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AFAIK Glass is insulator, it doesn't have free electron. It's said metal is a good conductor of heat because it has free electron, glass doesn't have free electron, why it is a good conductor of heat?

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Glass is about 100 times more thermally insulating than metal, so this question really hinges purely on what you define as a "good" conductor of heat. – Colin K Apr 18 '12 at 3:21
up vote 4 down vote accepted

There are at least two mechanism of thermal conductivity - free electrons and thermal phonons. The first mechanism can be prevalent in metals, the second one is important in dielectrics. I did not look up thermal conductivity of glass, but such excellent dielectric as diamond has higher thermal conductivity than any metal, as far as I know.

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IIRC it has to do with the lattice structure. A Strong frame can be easily vibrated. Glass and diamond are both tetrahedral networks(?), so their mechanism would be the same. I guess. – Manishearth Apr 18 '12 at 3:55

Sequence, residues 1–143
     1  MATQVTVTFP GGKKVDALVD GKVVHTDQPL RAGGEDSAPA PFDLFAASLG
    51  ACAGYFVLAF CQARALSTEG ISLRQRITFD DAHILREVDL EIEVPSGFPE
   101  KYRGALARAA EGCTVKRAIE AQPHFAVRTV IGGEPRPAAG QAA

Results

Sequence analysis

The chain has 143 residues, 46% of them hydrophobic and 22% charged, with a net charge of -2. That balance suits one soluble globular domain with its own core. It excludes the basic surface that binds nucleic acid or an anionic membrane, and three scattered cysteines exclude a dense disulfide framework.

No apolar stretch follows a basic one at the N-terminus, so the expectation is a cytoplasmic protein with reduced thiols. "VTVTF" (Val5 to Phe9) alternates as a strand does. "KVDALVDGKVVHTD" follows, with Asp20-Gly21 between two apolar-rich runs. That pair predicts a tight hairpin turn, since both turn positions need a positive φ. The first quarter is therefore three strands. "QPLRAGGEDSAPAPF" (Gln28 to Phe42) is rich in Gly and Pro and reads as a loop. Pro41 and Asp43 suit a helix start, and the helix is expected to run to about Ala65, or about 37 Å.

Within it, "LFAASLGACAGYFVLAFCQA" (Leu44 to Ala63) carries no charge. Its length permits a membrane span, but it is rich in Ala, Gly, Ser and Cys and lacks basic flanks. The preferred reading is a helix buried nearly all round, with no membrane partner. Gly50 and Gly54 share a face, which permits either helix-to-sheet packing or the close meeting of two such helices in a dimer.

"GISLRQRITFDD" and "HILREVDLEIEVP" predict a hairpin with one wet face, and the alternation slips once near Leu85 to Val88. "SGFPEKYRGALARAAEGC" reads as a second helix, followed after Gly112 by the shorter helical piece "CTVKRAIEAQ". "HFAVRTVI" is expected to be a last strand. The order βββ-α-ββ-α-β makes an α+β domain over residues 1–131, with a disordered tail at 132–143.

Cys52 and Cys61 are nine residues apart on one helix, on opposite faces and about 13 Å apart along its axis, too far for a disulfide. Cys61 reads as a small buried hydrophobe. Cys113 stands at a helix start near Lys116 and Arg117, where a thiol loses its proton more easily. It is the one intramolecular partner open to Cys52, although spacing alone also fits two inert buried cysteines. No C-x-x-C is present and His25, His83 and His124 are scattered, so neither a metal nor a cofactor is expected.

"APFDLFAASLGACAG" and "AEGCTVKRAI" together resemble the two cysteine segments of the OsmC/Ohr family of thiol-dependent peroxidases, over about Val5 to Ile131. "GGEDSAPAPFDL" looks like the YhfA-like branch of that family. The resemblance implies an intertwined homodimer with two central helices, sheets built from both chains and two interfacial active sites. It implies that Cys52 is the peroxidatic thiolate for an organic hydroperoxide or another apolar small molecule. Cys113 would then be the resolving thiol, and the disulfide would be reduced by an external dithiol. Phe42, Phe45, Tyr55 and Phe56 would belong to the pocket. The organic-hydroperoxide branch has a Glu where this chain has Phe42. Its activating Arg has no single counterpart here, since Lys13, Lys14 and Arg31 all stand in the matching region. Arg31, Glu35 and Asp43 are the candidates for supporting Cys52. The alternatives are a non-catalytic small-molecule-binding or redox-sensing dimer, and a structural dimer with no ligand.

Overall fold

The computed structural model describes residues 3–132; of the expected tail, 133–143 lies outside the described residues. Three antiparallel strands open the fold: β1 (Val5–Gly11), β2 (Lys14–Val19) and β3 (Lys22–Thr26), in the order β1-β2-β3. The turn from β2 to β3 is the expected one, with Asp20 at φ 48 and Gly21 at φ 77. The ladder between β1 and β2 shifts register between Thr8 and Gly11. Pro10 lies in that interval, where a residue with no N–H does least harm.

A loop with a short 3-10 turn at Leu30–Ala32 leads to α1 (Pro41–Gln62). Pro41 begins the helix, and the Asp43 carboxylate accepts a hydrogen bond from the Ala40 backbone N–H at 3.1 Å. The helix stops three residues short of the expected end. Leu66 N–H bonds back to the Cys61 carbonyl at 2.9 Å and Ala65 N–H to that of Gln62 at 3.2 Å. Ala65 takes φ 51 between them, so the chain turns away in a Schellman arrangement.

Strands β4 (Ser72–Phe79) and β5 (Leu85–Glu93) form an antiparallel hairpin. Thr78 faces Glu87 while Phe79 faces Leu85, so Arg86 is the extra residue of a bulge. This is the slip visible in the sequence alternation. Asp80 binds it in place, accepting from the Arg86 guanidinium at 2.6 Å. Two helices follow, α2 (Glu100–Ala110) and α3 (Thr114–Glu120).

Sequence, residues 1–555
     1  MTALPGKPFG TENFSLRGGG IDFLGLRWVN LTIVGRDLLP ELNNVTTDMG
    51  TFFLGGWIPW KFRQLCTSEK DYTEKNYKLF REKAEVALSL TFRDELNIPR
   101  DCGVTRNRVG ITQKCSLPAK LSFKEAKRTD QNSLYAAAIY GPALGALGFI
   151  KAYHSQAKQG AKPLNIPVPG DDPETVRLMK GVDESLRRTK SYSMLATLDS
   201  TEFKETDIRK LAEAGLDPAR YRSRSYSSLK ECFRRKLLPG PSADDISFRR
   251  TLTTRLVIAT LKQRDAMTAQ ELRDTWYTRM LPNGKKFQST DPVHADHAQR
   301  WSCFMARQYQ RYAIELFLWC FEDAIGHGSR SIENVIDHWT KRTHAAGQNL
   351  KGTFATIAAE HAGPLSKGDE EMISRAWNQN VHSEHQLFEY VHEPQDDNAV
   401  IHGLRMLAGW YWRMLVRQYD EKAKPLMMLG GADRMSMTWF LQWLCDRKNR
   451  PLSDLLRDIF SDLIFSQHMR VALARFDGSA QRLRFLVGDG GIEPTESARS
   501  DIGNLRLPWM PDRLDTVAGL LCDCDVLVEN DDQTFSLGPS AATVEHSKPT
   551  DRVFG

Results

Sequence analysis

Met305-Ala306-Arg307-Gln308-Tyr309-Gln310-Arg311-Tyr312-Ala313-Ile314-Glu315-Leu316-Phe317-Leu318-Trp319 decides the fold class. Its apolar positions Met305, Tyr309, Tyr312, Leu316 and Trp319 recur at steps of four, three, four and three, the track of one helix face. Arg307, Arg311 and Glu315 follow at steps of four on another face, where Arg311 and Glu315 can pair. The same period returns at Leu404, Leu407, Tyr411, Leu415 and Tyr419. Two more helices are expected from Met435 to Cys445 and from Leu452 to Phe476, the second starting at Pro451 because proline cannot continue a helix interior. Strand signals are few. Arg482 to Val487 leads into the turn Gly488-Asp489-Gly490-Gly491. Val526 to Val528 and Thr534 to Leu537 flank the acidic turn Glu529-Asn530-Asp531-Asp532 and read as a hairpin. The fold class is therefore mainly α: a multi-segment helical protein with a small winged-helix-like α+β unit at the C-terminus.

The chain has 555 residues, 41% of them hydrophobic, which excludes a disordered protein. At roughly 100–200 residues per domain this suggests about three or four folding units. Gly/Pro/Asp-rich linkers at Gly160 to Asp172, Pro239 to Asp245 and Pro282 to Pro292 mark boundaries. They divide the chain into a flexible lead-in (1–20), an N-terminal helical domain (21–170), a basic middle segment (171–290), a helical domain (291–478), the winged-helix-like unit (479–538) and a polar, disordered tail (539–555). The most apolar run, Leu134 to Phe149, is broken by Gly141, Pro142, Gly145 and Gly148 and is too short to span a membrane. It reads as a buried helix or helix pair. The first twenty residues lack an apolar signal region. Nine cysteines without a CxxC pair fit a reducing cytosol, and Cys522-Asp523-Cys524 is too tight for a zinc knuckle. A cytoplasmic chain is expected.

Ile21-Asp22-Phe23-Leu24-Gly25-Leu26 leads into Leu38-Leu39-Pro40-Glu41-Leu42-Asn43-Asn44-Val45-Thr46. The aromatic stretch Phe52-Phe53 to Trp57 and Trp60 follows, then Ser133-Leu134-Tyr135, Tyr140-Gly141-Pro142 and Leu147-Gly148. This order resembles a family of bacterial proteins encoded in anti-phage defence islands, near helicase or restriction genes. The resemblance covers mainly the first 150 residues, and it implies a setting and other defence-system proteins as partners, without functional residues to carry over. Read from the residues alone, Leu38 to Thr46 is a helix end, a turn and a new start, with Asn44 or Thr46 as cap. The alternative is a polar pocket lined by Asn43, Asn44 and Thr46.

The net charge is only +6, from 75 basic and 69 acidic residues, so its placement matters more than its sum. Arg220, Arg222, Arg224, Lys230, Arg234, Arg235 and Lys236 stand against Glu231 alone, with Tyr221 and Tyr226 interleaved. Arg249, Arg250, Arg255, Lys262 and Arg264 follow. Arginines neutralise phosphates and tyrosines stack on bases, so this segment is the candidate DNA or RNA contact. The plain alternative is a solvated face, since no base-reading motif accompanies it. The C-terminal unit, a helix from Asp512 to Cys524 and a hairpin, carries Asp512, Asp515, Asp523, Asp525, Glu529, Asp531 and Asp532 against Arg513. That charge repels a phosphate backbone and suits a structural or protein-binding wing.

glass by definition does not have a lattice structure Manis – BebopButUnsteady Apr 18 '12 at 4:16
@Manishearth: phonons are typically just lattice excitations, so we don't contradict each other. However, unlike diamond, glass typically does not have a regular lattice, so it is difficult to compare glass and diamond. – akhmeteli Apr 18 '12 at 4:19
@akh Oh, whoops. I read "photons". – Manishearth Apr 18 '12 at 4:22

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